The University of Michigan’s final student composers’ concert of 2010 took place this last Monday, November 29, in Stamps Auditorium, part of the University’s Walgreen Drama Center. This collection of performances was unexpected; so many composers submitted material for November 15’s composers’ concert, a brief third concert of the term was necessary.
Whereas the concert earlier this month was unique with its multiple composer-performers, Monday’s event possessed a more subtle distinction: a strong stylistic dichotomy emerged among the works, essentially pitting modernist and traditional forces in opposition to each other. From a qualitative standpoint, I found this duality inconsequential because all of the evening’s acoustic works had something in common: they expressed their structures with the recurrence of clearly identifiable themes. Although the two electronic pieces on the concert used different formal techniques, they also contained clear and satisfying dramatic lines. As a result, I felt the evening’s music was tied together despite the starkly contrasting musical tastes presented on the program.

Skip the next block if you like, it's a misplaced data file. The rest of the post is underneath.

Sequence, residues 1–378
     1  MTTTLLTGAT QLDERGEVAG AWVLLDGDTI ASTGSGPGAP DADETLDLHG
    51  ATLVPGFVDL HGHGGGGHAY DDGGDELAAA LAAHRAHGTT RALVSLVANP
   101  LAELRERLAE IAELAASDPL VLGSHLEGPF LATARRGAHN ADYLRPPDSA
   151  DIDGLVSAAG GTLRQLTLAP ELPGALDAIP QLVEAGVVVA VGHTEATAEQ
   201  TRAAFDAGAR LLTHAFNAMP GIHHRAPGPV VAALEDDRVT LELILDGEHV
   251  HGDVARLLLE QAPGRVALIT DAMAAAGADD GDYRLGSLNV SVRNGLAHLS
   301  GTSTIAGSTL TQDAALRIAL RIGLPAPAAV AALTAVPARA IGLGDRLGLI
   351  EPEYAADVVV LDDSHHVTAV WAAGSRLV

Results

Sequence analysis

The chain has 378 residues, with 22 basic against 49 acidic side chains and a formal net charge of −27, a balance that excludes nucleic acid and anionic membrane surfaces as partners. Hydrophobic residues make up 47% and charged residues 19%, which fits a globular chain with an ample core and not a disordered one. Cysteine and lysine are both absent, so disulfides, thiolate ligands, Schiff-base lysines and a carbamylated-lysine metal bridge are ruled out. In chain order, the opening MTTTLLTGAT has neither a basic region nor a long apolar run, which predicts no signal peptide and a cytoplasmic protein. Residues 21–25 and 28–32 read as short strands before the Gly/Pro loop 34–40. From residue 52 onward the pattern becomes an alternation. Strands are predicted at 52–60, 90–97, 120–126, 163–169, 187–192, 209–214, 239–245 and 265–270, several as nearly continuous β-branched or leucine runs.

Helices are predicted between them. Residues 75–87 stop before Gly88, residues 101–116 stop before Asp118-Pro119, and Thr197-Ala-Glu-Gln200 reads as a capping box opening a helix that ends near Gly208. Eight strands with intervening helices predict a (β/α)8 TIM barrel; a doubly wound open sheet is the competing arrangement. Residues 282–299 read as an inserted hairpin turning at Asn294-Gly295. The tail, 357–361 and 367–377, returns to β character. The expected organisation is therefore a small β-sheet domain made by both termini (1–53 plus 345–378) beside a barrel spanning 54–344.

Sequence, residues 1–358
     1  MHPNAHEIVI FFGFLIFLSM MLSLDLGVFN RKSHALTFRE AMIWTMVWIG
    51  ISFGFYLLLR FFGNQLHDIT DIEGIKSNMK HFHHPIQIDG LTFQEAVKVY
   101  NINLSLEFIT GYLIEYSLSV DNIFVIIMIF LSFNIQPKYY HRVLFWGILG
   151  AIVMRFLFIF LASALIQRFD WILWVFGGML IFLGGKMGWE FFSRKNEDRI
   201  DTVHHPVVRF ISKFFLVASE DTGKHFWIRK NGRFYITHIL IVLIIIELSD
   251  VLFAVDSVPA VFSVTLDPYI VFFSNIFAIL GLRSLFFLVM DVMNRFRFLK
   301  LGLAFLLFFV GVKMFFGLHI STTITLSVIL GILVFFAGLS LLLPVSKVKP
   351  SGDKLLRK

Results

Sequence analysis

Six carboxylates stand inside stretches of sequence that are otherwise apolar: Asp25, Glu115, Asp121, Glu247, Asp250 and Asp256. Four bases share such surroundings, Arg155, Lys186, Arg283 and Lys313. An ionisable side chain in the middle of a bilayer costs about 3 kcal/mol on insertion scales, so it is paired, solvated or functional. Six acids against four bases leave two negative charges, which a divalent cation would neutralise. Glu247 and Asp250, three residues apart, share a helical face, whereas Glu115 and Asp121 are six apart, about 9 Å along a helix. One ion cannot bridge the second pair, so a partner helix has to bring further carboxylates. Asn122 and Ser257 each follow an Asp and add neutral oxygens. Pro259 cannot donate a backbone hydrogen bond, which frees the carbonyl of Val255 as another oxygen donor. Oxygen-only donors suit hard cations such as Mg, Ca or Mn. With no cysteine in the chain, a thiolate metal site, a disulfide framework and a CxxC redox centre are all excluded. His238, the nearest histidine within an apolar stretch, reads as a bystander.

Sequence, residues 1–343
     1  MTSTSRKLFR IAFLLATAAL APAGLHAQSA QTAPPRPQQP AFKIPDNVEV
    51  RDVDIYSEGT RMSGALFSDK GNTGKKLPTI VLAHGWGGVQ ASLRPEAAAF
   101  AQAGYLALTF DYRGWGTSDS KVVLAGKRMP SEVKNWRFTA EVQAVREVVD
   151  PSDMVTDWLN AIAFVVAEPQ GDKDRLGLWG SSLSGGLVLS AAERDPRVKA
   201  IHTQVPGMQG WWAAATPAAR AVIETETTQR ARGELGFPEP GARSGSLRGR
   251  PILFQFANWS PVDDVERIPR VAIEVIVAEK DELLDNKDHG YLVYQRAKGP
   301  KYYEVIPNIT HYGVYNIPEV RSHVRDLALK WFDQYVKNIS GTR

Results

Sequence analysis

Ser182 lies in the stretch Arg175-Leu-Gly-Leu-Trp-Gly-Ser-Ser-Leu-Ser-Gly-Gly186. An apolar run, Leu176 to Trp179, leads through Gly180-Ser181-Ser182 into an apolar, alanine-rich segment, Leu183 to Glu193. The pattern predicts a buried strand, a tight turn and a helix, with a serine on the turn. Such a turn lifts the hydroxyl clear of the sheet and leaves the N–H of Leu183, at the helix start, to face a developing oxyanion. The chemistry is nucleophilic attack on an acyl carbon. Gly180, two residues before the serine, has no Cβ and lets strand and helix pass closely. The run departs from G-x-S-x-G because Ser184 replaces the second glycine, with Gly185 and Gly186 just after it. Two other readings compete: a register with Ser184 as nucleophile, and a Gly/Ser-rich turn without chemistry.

First on the concert was Bret Bohman’s she comes back as fire (2010), a three-movement work for string quartet. This piece is the complete version of something I heard, and reviewed, in October at Michigan’s and I was happy to reacquaint myself with the first movement’s unforgettable midsection – an aria where the first violin saunters in its highest register above a placid accompaniment. The rest of the piece explores and culminates material from the first movement, varying the music’s atmosphere little even though new content is introduced. Ultimately, Mr. Bohman references the memorable first violin solo in she comes back as fire’s final movement, but the surrounding music is too chaotic for its reappearance to establish a sense of repose. Mr, Bohman used his themes economically, which illuminated much of the work’s structure on the first listen. I am also sure further interaction with she comes back as fire would, more deeply, reveal a tightly wound and efficient network of musical material.